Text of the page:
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A.Word.A.Daywith Anu Garg
Shakespeare once wrote, “All the world’s a stage, / And all the men and women merely players: / They have their exits and their entrances; / And one man in his time plays many parts.”
He could just as well have been talking about words. A word in its time plays many parts.
Words are born -- we call it coining -- and they go on to play many parts. They play these under various parts of speech: consider the word “part”, for example. It can appear on the stage playing a noun role (a body part), as a verb (to part the seas), adjective (part owner), or an adverb (to pay part in kind). If you ask nicely, it might even play other parts of speech it’s not trained in. And that’s not counting multiple roles it plays in each of these parts of speech.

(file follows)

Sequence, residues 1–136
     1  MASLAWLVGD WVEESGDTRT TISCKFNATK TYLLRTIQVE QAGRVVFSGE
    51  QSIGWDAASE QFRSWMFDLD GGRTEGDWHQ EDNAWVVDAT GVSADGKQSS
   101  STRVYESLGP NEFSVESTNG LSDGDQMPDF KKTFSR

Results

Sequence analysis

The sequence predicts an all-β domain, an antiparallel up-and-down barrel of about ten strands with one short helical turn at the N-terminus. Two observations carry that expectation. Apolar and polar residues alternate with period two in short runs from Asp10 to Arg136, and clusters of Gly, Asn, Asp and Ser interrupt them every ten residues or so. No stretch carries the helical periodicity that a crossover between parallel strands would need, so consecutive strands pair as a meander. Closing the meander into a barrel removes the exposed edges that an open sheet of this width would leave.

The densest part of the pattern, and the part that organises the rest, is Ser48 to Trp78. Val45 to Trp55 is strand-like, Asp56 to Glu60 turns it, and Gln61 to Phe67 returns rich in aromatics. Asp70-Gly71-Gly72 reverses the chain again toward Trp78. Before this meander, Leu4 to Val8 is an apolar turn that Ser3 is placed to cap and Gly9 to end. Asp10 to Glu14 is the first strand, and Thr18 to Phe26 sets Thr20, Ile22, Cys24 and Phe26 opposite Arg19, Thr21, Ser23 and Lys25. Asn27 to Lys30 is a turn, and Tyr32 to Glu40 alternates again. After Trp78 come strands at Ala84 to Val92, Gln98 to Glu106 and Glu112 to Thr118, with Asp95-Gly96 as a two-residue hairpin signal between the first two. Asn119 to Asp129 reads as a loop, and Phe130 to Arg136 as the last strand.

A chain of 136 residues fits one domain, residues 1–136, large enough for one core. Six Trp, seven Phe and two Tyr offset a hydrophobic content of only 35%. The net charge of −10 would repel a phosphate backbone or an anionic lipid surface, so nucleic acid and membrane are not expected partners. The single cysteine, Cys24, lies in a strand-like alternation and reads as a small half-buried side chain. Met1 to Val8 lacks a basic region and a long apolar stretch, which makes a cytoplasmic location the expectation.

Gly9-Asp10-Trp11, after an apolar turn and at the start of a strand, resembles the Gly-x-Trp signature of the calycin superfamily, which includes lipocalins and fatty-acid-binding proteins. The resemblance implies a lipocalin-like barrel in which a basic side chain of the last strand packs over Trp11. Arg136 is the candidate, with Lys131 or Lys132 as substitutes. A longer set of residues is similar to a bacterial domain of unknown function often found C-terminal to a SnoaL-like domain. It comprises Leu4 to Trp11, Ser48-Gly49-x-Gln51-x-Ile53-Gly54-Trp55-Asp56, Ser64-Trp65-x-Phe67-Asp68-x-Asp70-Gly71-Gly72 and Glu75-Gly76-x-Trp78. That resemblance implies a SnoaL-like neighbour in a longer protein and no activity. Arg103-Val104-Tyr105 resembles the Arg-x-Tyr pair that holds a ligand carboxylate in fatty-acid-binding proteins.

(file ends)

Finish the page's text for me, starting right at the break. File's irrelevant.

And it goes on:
That’s all well and good, but all those meanings listed above are similar. What’s more interesting is when a word plays parts that are wildly different -- giving us meanings that show little connection to each other. This week we’ve picked five such words.
For noun 1, 2: After Colombina, a stock character in commedia dell’arte, the mistress of Harlequin. From Italian colombina (small dove, a guileless woman). Earliest documented use: 1723.
For noun 3: From the resemblance of an inverted flower to five doves. Earliest documented use: 1325.
For adjective: From Latin columba (dove, pigeon). Earliest documented use: 1656.
“She was suddenly confronted by a mental image of the Duke dressed in rags, bowing and dancing with a queen or a columbine and it made her smile.”
Mary Nichols; The Incomparable Countess; Mills & Boon; 2012.
“She has all the serpentine wisdom and columbine innocence so recommended in the Scriptures in her looks and actions.”
Henry Colburn; The American in Paris - Volume 2; 1838.
A THOUGHT FOR TODAY:You have to laugh at the things that hurt you just to keep yourself in balance, just to keep the world from running you plumb crazy. -Ken Kesey, novelist (17 Sep 1935-2001)